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Honk! poster

Kicking off the new season at Sioux City Community Theatre is “Honk!,” a musical adaptation of “The Ugly Duckling” story, which will be playing from Sept. 14 to 30.

After getting his onstage start at SCCT during “Les Miserables,” and his directorial debut in “Escanaba in da Moonlight,” Eric Sorensen, who works for Allied Solutions in Dakota Dunes, will be directing this family musical.

“’Honk!’ is a funny musical for the entire family to enjoy,” said Sorensen. “’Honk!’ tells the story of the Ugly Duckling and his journey to find himself. On his journey the Ugly Duckling runs into chickens, swans, dancing frogs and cats doing the tango.”

According to Colin McCue, a Dungeons & Dragons master who plays the characters of the Farmer and the Turkey in this show, “Honk!” delivers an important message to the audience, especially with all the bullying going on in schools and in society itself.

“The reason people should come see the show is that it conveys a message everybody needs to hear at some point in their lives, if not multiple times,” said McCue. “While it’s a very funny show, it has uplifting moments, especially for people who have been in the situation of being bullied. It has brought back some memories for me. I used to be on the ‘bullied’ side of the spectrum. I never thought I’d hear the term ‘ugly duckling’ in a musical, let alone it being the focus of an entire show.”

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Honk! photo

From left, Ruben Munoz, Mitchell Polley and Brandon Mojica rehearse a scene from Honk!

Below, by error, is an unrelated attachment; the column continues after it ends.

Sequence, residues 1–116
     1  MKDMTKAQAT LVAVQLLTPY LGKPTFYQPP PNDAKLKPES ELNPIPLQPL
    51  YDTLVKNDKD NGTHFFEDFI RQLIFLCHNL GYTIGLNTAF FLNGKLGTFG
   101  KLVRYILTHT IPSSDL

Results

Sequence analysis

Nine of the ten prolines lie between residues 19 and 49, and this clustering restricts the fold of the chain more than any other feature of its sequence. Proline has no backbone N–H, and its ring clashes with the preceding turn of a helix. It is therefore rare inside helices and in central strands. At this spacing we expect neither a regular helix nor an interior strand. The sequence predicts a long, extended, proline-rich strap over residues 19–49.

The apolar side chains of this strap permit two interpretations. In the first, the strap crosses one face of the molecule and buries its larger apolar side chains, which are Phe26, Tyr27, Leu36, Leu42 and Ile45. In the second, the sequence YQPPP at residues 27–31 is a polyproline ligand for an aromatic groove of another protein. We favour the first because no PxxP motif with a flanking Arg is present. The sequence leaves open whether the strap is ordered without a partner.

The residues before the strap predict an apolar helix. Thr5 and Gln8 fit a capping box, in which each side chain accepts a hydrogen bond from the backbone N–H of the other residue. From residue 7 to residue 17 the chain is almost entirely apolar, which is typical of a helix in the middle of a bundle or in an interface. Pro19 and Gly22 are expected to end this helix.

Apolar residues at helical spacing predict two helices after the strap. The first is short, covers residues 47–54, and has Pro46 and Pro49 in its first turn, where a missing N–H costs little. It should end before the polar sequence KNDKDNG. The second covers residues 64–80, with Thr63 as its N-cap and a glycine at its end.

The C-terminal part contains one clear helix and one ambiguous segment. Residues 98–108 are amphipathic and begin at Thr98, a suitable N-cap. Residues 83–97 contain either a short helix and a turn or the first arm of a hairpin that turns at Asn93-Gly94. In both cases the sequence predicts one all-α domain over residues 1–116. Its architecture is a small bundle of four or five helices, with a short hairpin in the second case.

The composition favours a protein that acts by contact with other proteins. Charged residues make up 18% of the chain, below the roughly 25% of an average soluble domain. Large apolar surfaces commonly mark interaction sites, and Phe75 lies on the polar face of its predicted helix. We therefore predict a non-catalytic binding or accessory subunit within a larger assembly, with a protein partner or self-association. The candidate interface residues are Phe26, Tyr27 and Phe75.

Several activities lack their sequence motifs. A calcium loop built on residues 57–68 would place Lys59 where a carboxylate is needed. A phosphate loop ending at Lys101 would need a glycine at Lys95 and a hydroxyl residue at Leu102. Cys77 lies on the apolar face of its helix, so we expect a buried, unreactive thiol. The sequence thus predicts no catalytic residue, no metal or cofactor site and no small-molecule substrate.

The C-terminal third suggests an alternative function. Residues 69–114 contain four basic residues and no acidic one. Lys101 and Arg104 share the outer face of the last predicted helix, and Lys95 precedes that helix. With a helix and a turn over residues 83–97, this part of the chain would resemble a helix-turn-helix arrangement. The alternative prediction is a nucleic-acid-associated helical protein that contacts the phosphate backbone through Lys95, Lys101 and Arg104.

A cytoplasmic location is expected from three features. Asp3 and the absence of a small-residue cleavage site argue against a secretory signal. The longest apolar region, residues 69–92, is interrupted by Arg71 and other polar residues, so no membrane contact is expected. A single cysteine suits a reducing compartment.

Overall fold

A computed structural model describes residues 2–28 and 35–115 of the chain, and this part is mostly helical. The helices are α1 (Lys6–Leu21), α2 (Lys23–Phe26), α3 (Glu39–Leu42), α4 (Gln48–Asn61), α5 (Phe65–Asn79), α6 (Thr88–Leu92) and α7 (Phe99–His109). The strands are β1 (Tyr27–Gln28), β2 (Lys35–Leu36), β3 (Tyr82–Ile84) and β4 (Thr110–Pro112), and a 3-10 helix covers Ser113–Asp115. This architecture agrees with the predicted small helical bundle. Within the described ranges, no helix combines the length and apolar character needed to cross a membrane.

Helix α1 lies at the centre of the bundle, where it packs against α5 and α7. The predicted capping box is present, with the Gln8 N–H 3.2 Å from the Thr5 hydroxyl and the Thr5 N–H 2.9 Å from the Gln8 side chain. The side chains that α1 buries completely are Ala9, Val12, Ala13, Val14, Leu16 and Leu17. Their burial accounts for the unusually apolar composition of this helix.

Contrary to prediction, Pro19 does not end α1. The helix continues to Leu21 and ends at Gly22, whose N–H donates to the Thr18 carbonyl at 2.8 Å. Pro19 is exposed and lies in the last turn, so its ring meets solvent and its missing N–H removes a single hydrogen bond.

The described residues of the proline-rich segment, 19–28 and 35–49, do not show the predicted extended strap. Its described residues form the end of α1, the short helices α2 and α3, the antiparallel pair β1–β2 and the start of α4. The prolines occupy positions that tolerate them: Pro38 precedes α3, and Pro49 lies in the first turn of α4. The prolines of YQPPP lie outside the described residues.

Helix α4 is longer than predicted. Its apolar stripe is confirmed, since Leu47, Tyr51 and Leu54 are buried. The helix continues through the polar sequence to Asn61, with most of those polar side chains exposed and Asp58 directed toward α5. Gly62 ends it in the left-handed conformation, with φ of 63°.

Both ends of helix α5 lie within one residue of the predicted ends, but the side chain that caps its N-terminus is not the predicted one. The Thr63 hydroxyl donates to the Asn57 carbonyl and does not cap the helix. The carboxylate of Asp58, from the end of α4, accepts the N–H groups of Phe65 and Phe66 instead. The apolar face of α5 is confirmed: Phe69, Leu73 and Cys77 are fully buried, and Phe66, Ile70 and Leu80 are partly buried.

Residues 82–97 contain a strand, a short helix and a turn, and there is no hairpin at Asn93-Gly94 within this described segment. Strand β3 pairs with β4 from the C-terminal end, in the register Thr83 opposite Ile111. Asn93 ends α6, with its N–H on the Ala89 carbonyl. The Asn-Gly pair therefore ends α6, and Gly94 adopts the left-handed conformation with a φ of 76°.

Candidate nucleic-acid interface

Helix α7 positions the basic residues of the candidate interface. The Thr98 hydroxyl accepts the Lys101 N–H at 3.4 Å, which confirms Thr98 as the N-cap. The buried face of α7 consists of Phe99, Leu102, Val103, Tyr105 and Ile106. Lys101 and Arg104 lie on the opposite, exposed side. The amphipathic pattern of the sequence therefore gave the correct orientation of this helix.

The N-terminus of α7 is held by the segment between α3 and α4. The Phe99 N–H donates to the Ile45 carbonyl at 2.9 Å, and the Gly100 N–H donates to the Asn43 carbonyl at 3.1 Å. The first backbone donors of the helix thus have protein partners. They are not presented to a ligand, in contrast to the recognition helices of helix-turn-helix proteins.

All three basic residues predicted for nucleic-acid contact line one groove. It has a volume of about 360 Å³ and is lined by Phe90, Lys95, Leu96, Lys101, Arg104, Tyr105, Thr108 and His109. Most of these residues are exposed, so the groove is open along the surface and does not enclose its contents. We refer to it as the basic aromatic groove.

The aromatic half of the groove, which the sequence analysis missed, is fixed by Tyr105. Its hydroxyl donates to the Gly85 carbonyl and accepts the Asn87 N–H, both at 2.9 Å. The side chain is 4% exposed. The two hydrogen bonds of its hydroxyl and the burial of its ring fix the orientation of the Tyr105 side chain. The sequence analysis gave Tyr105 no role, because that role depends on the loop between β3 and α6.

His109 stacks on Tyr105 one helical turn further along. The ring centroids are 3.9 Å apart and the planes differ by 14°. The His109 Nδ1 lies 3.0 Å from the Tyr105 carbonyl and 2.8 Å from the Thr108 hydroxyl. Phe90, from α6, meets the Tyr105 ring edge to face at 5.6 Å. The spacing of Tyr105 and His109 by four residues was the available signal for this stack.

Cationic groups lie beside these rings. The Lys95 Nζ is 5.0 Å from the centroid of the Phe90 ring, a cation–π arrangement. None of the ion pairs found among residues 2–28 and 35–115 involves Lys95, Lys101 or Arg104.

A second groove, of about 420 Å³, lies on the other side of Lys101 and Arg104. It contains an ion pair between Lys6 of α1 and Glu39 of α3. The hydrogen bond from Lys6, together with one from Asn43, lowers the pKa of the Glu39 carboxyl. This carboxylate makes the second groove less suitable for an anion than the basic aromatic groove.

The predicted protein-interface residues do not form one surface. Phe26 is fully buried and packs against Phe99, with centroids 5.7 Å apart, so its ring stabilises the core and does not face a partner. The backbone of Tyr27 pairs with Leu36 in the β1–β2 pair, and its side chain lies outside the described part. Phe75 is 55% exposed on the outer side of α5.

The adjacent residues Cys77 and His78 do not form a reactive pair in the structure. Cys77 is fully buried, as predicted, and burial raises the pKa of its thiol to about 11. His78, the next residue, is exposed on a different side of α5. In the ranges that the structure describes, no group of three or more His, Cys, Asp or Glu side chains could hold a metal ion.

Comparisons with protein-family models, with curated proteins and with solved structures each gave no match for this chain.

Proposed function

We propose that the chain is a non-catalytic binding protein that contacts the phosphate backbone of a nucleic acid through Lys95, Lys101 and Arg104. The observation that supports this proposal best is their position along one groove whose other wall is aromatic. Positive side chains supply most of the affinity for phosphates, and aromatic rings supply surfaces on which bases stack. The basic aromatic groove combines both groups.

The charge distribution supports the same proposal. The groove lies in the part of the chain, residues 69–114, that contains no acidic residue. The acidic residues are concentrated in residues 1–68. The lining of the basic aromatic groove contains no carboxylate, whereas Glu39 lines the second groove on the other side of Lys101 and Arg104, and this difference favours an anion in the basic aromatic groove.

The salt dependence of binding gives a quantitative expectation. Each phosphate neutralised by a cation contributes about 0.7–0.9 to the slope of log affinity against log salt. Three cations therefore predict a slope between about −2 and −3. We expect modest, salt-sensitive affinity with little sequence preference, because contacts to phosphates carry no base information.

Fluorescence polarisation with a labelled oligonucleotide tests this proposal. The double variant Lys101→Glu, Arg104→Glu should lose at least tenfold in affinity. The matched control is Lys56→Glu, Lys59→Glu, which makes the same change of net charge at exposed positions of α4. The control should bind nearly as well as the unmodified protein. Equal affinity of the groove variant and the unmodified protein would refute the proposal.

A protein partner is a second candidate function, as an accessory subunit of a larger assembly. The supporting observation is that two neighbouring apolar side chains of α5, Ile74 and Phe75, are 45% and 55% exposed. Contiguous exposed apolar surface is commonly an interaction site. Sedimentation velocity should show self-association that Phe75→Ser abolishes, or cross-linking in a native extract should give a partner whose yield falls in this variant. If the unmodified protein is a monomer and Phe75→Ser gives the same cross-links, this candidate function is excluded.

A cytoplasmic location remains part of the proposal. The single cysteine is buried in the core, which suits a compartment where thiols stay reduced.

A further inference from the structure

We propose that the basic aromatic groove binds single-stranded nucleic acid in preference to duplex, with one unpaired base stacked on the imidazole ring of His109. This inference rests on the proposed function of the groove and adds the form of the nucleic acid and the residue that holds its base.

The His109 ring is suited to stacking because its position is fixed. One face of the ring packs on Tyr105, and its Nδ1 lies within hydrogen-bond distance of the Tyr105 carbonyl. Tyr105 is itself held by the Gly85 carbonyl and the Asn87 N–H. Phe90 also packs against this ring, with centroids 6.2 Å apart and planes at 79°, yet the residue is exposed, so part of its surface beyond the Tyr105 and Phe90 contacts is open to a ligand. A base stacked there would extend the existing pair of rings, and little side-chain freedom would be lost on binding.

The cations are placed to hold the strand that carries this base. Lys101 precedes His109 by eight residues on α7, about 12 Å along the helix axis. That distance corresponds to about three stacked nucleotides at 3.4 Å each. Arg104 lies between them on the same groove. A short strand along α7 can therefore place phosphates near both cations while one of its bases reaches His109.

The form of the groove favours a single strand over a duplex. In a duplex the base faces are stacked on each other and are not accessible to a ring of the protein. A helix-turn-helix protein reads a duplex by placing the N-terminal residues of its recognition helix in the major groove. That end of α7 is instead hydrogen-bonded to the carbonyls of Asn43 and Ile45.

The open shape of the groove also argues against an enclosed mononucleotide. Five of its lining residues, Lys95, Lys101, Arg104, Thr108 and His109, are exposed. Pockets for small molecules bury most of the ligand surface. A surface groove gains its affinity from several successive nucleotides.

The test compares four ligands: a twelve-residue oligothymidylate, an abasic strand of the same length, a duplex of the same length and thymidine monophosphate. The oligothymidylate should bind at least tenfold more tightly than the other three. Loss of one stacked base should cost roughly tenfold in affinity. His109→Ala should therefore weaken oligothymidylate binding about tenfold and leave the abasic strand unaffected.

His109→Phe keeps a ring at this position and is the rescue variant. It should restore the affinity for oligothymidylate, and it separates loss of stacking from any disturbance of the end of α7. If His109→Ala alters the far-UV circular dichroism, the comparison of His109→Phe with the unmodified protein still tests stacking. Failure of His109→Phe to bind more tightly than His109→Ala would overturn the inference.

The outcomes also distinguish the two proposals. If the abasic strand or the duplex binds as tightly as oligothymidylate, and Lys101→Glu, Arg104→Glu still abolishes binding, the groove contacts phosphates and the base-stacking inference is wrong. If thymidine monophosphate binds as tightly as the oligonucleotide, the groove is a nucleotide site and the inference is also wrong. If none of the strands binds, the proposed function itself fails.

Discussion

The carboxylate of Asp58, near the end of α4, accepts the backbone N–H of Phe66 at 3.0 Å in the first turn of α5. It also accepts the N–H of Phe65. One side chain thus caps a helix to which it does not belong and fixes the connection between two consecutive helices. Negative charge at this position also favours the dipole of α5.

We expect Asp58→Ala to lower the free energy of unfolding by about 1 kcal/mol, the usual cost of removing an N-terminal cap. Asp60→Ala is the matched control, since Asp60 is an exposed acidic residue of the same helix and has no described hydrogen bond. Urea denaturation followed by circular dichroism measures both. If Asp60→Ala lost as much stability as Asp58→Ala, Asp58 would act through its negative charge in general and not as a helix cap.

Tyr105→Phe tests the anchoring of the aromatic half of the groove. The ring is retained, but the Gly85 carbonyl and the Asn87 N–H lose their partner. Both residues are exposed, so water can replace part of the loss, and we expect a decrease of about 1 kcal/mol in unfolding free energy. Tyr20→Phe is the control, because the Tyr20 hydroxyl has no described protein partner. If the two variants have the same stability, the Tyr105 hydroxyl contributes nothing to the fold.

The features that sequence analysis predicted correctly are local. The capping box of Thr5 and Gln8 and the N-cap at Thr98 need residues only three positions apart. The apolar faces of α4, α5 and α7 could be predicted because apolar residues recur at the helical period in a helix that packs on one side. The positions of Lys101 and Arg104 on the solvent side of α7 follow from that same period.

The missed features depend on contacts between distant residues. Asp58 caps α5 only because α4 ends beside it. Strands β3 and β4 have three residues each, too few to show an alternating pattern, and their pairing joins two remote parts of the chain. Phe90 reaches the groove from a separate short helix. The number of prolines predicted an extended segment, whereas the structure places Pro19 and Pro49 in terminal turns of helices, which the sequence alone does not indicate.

Cast members Wendy Bryce (Mother Duck) and Brandon Mojica (Ugly Duckling) concur with McCue’s sentiment.

“I’ve played this role before, about four years ago,” said Bryce, an English teacher at East High. “I’m drawn to this show because there are so many wonderful characters. It’s funny, but it’s also very heartwarming and enduring. The whole message of people accepting who they are and being themselves is a message we should all take to heart. The show is representative of society and people wanting to belong somewhere.”

“I’m not used to happy characters spreading a message,” said Mojica, a senior at North High. “This is a message that isn’t represented well in a lot of shows. It ends up being a side-note in some other shows, but is represented fully in this one.”

Rife with fun barnyard animal characters and entertaining musical numbers, the show has been a crowd pleaser since 1993.

“It’s a lot of fun,” said Sorensen. “We have great costumes and an awesome set. You will come and have a blast.”

The SCCT’s 71st season will also include “Fruitcakes,” “Rumors,” “Bridges of Madison County,” “The Complete Works of William Shakespeare (abridged)” and will finish up with “Into the Woods.”

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